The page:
You did it. You sent your manuscript out to be appraised by someone else—and you’re not sure whether to shout hurray or groan. Maybe you’re trying to get published, or maybe you’re just seeking feedback. Maybe this is the first time you’ve shown your work to someone, or maybe it’s the one-hundredth time. Whatever the case, you’ve placed your writing in someone else’s hands and now you’re trembling and biting your nails as you await the results.

Then you hear the flutter of paper, the ding of an e-mail, or the shuffle of the mailman, and your precious bundle arrives. But as you open it, you gasp at all the bloodstains marring the pages, and you wrestle with one of two thoughts:

  1. I must be a horrible writer!
  2. This person doesn’t understand me or my piece, and they don’t know what they’re talking about.

Both of these reactions are wrong, and neither is good for your morale as a writer (although at least the first displays humility). You’re understandably feeling stung, but before you start sobbing or chopping off any heads, pause to pray for wisdom. To endure criticism and emerge a more astute writer, you need to analyze five factors.

1. The Ratio of the Red in Proportion to the Black, Untouched Text

As any published author will attest, no editor, beta reader, or critique partner has ever returned a document without leaving a trail of red marks and comment bubbles on it. There’s a saying in my profession that “every editor needs an editor.” It’s difficult to identify all of the faults in your own writing.

Generally, your manuscript will be 50–60 percent red after an edit or critique session. Fewer red marks are a compliment, but more doesn’t necessarily indicate you’re a bad writer (although it probably signals you’re in need of practice and refinement). Maybe your plot is brilliant, but the characters are wooden. Or your prose is sublime, but the story is disjointed. Or your article is structured well, but the mechanics are rusty. Remember, Track Changes records every single operation performed on your manuscript. Even if an extra space gets deleted or a comma is inserted or a letter is added, a red mark will be emblazoned on the page. Although important, most of these minuscule adjustments are not an insult to your writing skills (proofreading skills perhaps, but not writing).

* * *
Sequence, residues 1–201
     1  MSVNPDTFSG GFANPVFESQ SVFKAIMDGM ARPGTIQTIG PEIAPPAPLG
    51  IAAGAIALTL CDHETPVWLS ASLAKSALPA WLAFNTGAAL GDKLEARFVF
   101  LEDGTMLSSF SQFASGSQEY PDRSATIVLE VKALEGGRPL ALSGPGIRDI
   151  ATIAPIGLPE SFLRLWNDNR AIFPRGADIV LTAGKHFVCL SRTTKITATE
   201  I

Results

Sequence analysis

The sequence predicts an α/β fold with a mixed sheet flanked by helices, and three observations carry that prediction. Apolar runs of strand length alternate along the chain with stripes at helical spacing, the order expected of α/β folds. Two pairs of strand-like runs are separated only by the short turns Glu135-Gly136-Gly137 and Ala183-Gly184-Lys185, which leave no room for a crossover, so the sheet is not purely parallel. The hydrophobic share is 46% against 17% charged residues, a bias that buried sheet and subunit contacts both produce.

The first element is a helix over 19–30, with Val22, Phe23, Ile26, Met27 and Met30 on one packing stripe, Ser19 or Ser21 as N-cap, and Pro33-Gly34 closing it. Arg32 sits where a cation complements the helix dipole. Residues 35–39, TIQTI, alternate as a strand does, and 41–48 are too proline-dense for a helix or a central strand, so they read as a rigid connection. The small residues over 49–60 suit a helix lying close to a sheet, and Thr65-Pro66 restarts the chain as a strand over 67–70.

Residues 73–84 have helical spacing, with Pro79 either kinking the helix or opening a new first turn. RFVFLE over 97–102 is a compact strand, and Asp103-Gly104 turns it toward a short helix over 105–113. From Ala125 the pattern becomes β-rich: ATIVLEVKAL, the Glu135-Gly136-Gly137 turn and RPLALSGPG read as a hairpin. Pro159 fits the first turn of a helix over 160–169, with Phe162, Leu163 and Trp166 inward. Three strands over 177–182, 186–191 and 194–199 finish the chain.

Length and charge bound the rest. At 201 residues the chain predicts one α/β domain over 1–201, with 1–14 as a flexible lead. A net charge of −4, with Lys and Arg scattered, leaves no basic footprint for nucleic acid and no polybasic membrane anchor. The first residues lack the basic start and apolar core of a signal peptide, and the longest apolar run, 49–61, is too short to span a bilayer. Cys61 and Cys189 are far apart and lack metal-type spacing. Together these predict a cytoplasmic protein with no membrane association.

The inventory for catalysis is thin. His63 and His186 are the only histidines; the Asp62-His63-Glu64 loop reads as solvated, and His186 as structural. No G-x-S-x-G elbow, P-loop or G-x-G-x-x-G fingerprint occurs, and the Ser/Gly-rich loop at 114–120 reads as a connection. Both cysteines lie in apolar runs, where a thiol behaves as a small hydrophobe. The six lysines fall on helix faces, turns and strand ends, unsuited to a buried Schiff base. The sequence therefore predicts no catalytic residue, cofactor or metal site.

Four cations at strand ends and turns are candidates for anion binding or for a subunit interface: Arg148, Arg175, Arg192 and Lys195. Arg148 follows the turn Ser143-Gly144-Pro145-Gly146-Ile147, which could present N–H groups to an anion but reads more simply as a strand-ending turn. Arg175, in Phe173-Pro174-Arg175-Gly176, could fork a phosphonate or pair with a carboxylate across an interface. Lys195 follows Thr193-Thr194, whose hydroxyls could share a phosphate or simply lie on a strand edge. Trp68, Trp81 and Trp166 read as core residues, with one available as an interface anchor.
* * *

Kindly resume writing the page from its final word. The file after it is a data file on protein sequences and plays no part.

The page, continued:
The definition of a bad writer is a person characterized by a flippant attitude toward syntax and resistance to negative input. He’s infatuated with the concept of writing and the attention or fame he might reap from it. He rarely revises his work because he believes it’s unnecessary, and he doesn’t care if he makes typos. When the going gets tough, he either becomes defensive, quits, or runs to his peers for false validation of what a “wonderful” writer he is. If you’re genuinely trying to learn, are pursuing excellence, and are open to constructive criticism, you don’t fit this description and are not a bad writer. As Ernest Hemingway put it:

“We are all apprentices in a craft where no one ever becomes a master.”

When faced with a file blotted in red, don’t lash out and don’t become discouraged. Instead of viewing the corrections as an affront to your abilities, acknowledge that the person is attempting to help you enhance your writing and accept that there may be areas you need to grow in.

2. The Expertise of the Critic

Writers will collaborate with an assortment of people over the course of their journey. Editors, critique partners, beta readers, and other well-intentioned individuals are all separate species, and feedback from each should be handled differently. Since you as author ultimately hold the right to decide how your writing will be altered (or not), you need to be discerning about which suggestions to keep and which ones to discard. One way to determine this is to gauge how qualified someone is to recommend a particular change.

Who is this person with whom you’ve entrusted your manuscript? A friend? Parent or sibling? A member of your writing group? A beta reader you recruited off the Internet? An acquaintance who is an English teacher? An editor you met at a conference? What level of experience does he have with writing? Is he a professional in the industry, and does he have credentials to prove it? Does he read a lot? Is he familiar with the genre or topic you’ve chosen? Is he able to be impartial and honest with you, or will he only spout what you’d want to hear? Has he ever asked you to critique his own work, and if so, what weaknesses did you notice? How sound is his grammar? Does he have a broad vocabulary? How often does he make typos?

The answers to the above questions will become especially relevant when you receive conflicting advice. I guarantee this will happen at least once (usually more), because each reader will bring a different perspective to your work. Even editors won’t always coincide on which specific details will transform a manuscript from mediocre to magnificent. Many people don’t realize this, but polishing prose is as much a creative endeavor as writing it. Editors, like writers, have unique voices too. Although editors will generally flag the same grammar/spelling errors and anything that violates industry standards, their overall styles will vary.